Feature Friday: I Need a Hero/ Villain/ Sidekick.

June 3, 2016

Chess Board - TwitterThere’s been some discussion going about my social media regarding villains. I don’t write villains. I’ve never written a villain (no, not even Ellie the Evil Queen is a villain).

Here’s why: a good villain isn’t a villain; they are the foil to your hero. A good villain, in another book, might be your hero.

I also don’t write sidekicks. Sidekicks have their own story going on. That story is every bit as important as the heroes story. Just don’t tell the hero. Sidekicks tend to be a lot lower on the ego scale than heroes.

Take a look at your WIP. If you’re writing a romance, you may not have a villain, but you’ll still have a foil to your main character. Look carefully at your villain/antagonist, love interest(s), and sidekicks.

  • Do they have a backstory? It doesn’t need to be in the story, but you need to know a little bit about them.
  • Do you know their personality type or motivations? If Myers-Briggs is too much, do a simple zodiac bit or a character archetype. Then do a little twist so the character isn’t just a stock character. (I hate stock characters.)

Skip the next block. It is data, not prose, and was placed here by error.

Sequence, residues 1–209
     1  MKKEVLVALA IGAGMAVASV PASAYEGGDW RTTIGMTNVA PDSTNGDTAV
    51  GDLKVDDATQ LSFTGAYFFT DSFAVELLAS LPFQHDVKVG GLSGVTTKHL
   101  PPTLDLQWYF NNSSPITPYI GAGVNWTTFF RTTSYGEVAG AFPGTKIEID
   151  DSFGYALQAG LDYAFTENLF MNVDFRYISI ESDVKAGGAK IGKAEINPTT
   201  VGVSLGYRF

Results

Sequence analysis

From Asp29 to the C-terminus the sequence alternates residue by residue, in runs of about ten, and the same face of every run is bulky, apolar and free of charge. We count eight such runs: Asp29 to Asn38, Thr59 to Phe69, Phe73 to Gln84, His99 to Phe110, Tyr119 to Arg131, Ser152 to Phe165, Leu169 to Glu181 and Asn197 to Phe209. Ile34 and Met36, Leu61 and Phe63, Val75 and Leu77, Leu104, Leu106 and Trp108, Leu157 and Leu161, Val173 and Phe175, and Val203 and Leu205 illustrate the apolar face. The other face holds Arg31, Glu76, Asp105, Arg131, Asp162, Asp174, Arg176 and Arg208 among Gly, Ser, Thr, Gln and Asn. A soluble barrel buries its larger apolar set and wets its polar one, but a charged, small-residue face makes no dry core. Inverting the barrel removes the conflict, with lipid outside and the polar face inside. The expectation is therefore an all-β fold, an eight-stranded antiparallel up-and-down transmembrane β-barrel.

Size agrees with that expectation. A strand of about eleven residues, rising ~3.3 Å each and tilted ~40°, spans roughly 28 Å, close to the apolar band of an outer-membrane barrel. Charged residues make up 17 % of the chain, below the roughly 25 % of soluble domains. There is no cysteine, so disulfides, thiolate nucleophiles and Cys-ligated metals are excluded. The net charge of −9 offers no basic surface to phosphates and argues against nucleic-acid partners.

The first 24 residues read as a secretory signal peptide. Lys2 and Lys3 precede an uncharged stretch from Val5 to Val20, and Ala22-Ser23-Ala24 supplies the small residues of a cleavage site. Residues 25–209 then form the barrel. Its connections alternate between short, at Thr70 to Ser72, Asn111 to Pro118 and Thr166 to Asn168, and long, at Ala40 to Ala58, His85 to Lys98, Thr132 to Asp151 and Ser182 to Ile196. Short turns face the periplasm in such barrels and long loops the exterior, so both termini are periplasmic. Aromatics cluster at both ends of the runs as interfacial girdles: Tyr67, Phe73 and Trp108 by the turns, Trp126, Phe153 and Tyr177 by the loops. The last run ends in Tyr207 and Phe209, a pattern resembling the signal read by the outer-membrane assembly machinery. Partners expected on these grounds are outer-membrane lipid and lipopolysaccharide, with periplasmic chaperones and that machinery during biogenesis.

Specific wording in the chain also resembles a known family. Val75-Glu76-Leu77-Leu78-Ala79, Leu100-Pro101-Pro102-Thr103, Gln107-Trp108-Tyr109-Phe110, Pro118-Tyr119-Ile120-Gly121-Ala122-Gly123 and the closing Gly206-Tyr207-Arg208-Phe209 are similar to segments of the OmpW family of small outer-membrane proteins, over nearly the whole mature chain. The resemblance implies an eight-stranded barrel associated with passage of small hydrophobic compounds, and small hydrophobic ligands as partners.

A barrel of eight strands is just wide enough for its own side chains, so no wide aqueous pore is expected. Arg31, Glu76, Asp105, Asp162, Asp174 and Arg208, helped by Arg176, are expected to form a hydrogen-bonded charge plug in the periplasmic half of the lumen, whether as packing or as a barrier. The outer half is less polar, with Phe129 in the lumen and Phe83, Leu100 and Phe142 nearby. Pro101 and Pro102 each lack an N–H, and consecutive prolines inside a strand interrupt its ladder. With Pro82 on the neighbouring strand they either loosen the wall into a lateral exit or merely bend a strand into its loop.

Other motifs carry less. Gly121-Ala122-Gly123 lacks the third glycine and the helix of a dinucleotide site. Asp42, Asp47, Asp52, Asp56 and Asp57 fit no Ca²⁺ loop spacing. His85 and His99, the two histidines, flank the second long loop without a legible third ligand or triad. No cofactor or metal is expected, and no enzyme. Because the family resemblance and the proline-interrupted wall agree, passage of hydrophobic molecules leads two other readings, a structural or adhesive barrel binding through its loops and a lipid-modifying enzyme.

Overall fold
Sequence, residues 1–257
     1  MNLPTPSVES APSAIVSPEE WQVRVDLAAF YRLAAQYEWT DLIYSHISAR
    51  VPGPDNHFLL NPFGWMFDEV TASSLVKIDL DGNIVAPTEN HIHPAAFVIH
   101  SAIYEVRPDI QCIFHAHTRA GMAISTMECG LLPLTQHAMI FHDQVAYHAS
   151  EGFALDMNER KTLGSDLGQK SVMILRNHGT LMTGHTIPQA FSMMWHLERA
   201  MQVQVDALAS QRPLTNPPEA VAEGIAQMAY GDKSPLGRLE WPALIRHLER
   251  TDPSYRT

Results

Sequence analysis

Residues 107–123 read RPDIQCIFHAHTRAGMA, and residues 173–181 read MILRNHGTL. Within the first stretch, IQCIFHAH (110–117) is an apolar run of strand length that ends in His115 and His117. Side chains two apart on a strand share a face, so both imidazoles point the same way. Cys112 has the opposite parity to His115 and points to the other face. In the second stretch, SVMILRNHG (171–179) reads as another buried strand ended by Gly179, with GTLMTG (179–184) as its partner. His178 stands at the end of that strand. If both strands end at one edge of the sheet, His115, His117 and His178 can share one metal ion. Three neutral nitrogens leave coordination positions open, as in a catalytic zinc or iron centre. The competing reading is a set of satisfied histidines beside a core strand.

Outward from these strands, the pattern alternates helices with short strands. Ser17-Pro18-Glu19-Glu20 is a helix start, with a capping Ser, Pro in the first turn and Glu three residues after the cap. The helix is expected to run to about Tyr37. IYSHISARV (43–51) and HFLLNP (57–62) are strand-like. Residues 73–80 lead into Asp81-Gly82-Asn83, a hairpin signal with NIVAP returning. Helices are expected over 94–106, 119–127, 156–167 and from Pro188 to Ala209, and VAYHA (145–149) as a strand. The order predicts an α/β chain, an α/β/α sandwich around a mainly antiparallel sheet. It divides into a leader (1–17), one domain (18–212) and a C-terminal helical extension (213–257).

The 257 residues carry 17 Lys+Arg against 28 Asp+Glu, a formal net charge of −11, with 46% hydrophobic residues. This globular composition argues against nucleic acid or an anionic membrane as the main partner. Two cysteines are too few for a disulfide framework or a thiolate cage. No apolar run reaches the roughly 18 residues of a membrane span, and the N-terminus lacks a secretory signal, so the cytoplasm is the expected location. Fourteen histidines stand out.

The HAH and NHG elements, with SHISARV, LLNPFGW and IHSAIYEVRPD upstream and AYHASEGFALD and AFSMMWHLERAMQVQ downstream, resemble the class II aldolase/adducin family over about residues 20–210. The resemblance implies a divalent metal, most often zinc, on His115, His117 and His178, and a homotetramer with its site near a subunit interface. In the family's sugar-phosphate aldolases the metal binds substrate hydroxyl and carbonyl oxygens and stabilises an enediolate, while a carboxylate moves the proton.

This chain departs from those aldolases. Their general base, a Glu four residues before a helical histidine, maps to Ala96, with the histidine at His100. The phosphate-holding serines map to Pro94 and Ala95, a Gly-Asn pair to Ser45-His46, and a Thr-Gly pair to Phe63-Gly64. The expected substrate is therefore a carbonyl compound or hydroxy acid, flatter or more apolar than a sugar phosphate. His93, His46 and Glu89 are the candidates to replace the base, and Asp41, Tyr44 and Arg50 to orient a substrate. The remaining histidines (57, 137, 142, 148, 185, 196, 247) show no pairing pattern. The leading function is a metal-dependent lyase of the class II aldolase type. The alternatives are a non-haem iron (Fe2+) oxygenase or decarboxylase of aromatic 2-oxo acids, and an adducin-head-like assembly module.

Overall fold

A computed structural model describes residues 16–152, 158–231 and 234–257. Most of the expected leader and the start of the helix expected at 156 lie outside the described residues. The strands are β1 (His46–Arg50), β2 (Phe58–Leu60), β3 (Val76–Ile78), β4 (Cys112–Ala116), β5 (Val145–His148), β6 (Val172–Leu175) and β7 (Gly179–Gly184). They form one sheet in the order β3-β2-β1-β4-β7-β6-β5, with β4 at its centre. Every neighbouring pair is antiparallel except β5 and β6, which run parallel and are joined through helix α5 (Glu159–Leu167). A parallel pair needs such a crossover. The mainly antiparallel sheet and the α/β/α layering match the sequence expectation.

• If you’ve ever played at tabletop gaming, you probably know the D&D versions of characters. There’s race, class, and alignment to get you going. Race is the same for most non-fantasy/sf books, but what “class” is your character? What about alignment? (I like alignment best; it tells a lot about a character.) If you don’t know a thing about it,  here’s some help. Or you can have fun with these memes.

All of this works for your main character, too, in case he or she feels too flat.

One last thing I have fun doing that only fantasy writers really seem to do is creating a genealogy chart. Must be the geek in me, but there’s something fun about knowing a little bit of a character’s backstory. Christopher, from Veneri Verbum and Beta Beware, is an only child of a single mother. I know what happened to Dad, but the rest of the world never will. Still, it affects who Christopher is. On the other hand, The Bobian (The Annals of Bobian) has a full-fledged family and is the only boy, stuffed in the middle. Yep, that affects his personality. Grandparents will have a role in later books.

So, look at your characters. How well-rounded are they? Could they use a little tweaking?

Bonus: Archetypes in literature and media

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